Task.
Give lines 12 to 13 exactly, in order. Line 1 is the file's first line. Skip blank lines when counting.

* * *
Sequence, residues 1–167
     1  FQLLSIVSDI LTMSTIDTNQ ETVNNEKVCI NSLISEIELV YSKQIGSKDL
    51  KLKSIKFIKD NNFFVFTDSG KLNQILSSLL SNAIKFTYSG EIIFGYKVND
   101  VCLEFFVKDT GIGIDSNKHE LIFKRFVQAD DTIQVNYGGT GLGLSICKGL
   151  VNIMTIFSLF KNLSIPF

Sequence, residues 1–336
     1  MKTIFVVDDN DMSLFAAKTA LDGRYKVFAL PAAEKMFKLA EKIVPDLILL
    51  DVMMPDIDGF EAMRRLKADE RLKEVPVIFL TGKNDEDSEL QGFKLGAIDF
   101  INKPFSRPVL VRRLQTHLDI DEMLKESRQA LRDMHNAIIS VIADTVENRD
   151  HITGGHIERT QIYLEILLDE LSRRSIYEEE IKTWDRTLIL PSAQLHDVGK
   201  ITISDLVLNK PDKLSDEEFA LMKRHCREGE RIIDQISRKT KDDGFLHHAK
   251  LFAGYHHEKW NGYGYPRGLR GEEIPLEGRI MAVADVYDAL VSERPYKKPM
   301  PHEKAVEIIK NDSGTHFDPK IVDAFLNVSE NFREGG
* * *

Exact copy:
   251  LFAGYHHEKW NGYGYPRGLR GEEIPLEGRI MAVADVYDAL VSERPYKKPM
   301  PHEKAVEIIK NDSGTHFDPK IVDAFLNVSE NFREGG